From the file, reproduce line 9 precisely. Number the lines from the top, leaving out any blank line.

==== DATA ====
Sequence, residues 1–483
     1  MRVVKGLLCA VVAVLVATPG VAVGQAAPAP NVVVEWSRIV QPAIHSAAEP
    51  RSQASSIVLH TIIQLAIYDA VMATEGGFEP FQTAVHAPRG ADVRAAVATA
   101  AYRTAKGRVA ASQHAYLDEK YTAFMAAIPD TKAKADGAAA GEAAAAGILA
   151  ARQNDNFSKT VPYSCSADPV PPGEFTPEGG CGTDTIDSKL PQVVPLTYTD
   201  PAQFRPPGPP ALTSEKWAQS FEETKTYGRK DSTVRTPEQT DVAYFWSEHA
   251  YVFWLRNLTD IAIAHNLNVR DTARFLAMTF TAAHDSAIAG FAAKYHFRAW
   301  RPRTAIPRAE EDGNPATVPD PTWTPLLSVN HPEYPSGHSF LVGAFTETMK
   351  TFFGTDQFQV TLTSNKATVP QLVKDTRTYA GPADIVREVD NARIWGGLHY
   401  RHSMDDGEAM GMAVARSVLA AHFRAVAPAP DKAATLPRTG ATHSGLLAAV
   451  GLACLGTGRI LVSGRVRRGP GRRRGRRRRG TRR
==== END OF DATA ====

   351  TFFGTDQFQV TLTSNKATVP QLVKDTRTYA GPADIVREVD NARIWGGLHY